a general-purpose processor section that performs processing other than the predetermined high priority processing; and
a high priority processing control section that causes the dedicated processor section to process the predetermined high priority processing.
2. The processor according to claim 1, wherein the dedicated processor section executes as background processing of the predetermined high priority processing, processing capable of canceling a program that is being processed when the predetermined high priority processing occurs.
3. The processor according to claim 2, wherein the processor can switch between a mode that performs the background processing and a mode that does not perform the background processing.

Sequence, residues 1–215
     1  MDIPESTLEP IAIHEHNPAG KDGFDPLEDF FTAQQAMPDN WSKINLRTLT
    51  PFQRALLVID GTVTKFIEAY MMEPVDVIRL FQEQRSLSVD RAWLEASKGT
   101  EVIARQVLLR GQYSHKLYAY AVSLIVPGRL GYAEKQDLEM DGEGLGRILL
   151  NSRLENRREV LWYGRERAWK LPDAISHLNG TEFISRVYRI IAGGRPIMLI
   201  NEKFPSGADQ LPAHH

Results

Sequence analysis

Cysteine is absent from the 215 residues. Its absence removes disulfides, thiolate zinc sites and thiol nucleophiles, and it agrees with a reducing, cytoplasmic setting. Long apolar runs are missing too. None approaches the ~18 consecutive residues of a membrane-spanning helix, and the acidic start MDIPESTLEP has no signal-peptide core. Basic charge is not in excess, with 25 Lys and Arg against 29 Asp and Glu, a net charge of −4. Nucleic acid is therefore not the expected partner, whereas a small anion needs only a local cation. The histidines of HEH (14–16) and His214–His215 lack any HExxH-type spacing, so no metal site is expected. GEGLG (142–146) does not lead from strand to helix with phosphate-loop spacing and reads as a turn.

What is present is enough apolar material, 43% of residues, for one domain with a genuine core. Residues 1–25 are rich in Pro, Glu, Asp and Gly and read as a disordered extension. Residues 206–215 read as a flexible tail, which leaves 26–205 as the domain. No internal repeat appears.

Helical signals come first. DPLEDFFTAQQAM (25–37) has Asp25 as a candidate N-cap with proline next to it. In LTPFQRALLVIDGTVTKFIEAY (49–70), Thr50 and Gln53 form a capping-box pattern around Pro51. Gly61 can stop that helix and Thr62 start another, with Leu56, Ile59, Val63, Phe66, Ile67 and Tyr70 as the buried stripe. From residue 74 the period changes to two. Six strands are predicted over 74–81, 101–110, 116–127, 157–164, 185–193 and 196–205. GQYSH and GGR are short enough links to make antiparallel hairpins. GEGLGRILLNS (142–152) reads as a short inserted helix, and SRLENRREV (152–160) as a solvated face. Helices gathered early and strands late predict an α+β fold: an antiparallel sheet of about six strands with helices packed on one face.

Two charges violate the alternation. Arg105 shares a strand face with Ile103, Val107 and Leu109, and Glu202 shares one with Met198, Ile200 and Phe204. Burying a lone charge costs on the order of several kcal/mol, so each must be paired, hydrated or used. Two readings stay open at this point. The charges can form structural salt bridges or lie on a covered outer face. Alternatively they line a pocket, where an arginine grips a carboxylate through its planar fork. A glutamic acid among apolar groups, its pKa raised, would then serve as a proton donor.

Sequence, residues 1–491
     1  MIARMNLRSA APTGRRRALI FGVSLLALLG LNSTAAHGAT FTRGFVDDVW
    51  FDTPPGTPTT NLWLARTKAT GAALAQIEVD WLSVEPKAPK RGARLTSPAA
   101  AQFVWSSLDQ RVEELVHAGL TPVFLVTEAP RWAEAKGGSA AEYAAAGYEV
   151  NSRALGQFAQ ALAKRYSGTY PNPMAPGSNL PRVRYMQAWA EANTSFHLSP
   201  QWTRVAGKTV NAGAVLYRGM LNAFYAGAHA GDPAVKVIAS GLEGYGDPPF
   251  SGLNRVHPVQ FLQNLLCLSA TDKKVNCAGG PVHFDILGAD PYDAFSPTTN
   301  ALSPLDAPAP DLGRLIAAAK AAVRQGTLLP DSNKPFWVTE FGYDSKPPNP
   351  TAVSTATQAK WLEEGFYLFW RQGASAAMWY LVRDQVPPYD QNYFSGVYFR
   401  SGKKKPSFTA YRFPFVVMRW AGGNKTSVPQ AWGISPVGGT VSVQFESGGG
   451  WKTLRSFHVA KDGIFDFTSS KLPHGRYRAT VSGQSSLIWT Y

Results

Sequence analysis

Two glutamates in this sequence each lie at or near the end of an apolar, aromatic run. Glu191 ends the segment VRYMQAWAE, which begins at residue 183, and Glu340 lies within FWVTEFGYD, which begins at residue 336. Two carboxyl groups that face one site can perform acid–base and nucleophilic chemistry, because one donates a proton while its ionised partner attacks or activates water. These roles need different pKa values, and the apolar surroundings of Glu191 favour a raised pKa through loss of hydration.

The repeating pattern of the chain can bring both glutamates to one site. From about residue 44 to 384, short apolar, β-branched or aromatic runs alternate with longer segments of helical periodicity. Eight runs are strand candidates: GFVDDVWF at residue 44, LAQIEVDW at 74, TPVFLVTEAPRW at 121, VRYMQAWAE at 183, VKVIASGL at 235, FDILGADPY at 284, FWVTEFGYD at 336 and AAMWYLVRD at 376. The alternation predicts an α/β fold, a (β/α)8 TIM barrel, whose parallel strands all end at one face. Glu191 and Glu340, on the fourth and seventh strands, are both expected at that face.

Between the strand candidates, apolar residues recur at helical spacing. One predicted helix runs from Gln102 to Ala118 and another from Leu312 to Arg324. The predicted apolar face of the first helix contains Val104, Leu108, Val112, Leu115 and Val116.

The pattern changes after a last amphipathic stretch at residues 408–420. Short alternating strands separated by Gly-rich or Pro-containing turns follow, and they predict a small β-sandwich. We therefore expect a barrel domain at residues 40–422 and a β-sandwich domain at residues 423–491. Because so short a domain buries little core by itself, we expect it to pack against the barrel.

4. The processor according to claim 1, wherein the predetermined high priority processing is interrupt processing.
5. An information processing method for a processor comprising a plurality of processor sections that process a task or a thread, wherein the method causes a predetermined high priority processing to be processed exclusively in a predetermined processor section and causes processing other than the predetermined high priority processing to be processed in a processor section other than the predetermined processor section.
6. The information processing method according to claim 5, wherein the method causes processing capable of canceling a program that is being processed in the predetermined processor section when the predetermined high priority processing occurs to be executed as background processing of the predetermined high priority processing.